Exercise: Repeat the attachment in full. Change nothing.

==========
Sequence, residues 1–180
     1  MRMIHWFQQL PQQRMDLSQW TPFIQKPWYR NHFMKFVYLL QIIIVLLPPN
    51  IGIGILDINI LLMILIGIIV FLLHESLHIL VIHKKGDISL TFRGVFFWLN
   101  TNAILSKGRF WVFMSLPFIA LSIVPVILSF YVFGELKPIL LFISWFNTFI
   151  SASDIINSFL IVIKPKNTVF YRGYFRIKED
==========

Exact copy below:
Sequence, residues 1–180
     1  MRMIHWFQQL PQQRMDLSQW TPFIQKPWYR NHFMKFVYLL QIIIVLLPPN
    51  IGIGILDINI LLMILIGIIV FLLHESLHIL VIHKKGDISL TFRGVFFWLN
   101  TNAILSKGRF WVFMSLPFIA LSIVPVILSF YVFGELKPIL LFISWFNTFI
   151  SASDIINSFL IVIKPKNTVF YRGYFRIKED